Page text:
Irritability is a feeling of agitation. When you’re irritable, you become
frustrated or upset easily. You might experience it in response to stressful
situations. It may also be a symptom of a mental or physical health condition.
Babies and young children often feel irritable, especially when they’re tired
or sick. For example, children often become fussy when they have ear infections
or stomach aches.
Adults can also feel irritable for a variety of reasons. If you feel
irritable on a regular basis, make an appointment with your doctor. You may
have an underlying condition that requires treatment.
Many things can cause irritability. The causes can be divided into two general
categories: physical and psychological.
Some common psychological causes of irritability include:
- bipolar disorder
Some common physical causes include:
- sleep deprivation
- low blood sugar
- ear infections
Medical conditions that cause hormonal changes can also affect your mood. Examples
- premenstrual syndrome (PMS)
- polycystic ovary syndrome (POS)
You may also experience irritability as a side effect of medication that you’re
taking. Other potential causes include:
- drug use
- nicotine withdrawal
- caffeine withdrawal
Most people feel irritable from time to time. For example, it’s normal to
feel cranky after a poor night’s rest.
Some people feel irritable on a more regular basis. If you’re one of these
people, contact your doctor. They can help you identify potential causes of
that often accompany irritability
In some cases, your feelings of irritability may be accompanied or preceded by
For example, these symptoms might include:
- racing heart
- fast breathing
If a hormonal imbalance is causing your irritability, you may have symptoms
- hot flashes
- irregular menstrual cycles
- reduced sex drive
- hair loss
the cause of irritability
If you feel irritable on a regular basis, and you don’t know why, make an
appointment with your doctor. They can help you identify possible causes. They
can also discuss treatment options and strategies to manage your mood.
During your visit, your doctor will likely ask about your medical history,
including any medications that you’re taking. They’ll also ask about your
history of psychological conditions. Your lifestyle habits, such as sleeping
patterns and alcohol consumption will likely be discussed. Your doctor will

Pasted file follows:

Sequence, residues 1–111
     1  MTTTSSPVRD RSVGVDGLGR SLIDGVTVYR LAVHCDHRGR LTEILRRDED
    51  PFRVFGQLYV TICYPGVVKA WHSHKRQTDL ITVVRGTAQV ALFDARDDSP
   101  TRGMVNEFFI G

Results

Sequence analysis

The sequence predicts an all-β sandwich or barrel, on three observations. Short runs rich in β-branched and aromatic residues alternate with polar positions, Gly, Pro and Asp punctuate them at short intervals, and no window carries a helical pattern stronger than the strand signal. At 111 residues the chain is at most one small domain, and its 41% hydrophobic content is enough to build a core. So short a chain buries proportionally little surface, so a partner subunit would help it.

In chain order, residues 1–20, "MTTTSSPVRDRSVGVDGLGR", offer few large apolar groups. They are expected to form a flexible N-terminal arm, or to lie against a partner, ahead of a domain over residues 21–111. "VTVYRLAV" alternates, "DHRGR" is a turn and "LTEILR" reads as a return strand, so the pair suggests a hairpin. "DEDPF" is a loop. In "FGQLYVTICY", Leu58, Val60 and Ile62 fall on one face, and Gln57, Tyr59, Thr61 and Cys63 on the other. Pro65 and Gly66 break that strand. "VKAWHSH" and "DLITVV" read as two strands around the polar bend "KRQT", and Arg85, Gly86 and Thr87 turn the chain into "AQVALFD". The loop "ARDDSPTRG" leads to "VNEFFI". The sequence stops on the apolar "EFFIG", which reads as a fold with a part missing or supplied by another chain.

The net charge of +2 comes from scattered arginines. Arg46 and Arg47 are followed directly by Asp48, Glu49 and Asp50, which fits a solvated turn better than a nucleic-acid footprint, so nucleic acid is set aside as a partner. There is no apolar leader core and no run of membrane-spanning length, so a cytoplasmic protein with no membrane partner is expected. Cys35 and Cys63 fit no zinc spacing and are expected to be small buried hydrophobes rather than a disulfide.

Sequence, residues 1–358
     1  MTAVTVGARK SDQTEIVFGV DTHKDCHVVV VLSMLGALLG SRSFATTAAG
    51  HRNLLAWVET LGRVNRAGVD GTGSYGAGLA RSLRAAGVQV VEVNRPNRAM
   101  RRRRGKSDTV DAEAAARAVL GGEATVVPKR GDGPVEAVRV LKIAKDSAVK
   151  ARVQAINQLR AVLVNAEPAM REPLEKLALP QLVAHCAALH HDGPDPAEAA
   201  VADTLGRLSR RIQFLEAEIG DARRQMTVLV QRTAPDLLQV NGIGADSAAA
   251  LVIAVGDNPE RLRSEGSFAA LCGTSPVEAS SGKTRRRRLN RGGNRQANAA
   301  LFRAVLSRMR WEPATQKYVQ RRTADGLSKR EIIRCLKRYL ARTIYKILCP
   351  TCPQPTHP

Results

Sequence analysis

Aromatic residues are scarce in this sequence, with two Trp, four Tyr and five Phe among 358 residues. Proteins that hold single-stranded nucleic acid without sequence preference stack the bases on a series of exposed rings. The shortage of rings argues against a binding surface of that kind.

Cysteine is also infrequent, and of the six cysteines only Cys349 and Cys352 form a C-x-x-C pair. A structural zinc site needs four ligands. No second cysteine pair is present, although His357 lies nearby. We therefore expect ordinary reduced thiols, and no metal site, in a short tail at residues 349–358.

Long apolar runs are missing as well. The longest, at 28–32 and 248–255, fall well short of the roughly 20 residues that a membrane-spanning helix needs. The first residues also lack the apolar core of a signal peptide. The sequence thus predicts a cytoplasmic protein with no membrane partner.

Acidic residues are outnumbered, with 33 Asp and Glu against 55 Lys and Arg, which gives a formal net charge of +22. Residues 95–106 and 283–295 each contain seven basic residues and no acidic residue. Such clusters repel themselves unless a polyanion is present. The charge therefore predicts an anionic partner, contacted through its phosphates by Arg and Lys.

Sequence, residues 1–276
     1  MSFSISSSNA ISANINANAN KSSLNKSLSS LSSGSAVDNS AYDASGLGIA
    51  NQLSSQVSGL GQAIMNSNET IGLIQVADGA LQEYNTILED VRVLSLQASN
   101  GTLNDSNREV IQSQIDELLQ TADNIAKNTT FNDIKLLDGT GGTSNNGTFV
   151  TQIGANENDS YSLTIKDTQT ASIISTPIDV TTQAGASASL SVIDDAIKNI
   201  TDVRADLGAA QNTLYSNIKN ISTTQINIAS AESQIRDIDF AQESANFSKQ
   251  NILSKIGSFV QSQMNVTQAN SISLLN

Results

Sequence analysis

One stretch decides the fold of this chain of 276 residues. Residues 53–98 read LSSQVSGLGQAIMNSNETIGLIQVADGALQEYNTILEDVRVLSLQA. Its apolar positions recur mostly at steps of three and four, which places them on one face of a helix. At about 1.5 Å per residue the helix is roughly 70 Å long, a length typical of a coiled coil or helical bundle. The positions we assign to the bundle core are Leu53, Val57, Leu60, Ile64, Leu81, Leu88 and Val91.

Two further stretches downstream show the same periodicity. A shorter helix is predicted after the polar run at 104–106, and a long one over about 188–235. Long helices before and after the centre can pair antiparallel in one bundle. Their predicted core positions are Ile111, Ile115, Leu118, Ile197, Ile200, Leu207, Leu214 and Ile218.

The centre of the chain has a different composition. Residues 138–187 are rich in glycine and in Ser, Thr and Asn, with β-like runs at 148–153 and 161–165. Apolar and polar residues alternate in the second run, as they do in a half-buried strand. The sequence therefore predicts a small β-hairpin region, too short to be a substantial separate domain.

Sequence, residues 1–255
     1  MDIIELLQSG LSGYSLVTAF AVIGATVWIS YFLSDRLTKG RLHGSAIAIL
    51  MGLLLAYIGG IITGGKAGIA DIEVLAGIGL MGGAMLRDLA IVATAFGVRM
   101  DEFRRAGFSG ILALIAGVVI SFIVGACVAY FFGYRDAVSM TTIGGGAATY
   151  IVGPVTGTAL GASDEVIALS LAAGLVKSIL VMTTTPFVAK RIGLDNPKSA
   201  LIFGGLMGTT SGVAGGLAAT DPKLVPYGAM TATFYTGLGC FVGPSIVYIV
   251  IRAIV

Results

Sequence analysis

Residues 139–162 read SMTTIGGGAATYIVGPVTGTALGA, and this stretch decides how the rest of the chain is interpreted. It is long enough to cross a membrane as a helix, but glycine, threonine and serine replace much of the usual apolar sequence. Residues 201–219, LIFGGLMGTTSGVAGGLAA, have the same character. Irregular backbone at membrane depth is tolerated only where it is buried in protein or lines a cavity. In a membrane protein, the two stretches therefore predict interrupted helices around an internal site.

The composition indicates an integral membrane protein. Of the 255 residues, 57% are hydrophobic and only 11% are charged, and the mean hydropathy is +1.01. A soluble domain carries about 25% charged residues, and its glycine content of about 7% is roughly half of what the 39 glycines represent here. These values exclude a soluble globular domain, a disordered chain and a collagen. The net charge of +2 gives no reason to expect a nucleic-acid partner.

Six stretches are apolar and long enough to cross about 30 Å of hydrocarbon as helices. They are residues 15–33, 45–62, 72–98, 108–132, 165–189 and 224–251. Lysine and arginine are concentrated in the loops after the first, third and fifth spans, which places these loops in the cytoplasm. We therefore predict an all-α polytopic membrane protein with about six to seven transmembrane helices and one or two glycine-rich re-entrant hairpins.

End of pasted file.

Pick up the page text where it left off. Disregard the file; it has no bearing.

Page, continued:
want to know about sources of stress in your life.
Depending on your symptoms and medical history, they may order one or more
tests, including blood and urine analyses. The level of certain hormones in
your blood may point to a hormonal imbalance. The level of glucose in your
blood or urine may point to diabetes.
They may also refer you to a mental health professional for evaluation.
the cause of irritability
Your doctor’s recommended treatment plan will depend on your specific diagnosis.
The best way to treat irritability is to address its underlying cause.
If your doctor diagnoses you with a mental health condition, they may refer
you to a specialist for counseling. Prescription medications may be recommended
to help control your mood. Talk therapy and medications are often combined to
treat mood disorders, such as depression.
If they suspect your irritability is caused by alcohol, caffeine, nicotine,
or other drug withdrawal, your doctor may recommend a combination of talk
therapy and medications. Together they can help control your cravings.
If you’re diagnosed with a hormonal imbalance, your doctor may recommend
hormone replacement therapy. This treatment isn’t right for everyone. Never start
taking hormone supplements without talking to your doctor first. Leave it to
the medical experts to devise a treatment plan that’s right for you.
If you’re experiencing irritability as a symptom of an infection, it will likely
resolve when your infection clears. Your doctor may prescribe antibiotics or
other medications to help treat it.
Your doctor may also recommend lifestyle changes to help control your mood.
For example, they may encourage you to adjust your:
- exercise routine
- sleep habits
- stress management practices
Ask your doctor for more information about your diagnosis, treatment
options, and long-term outlook.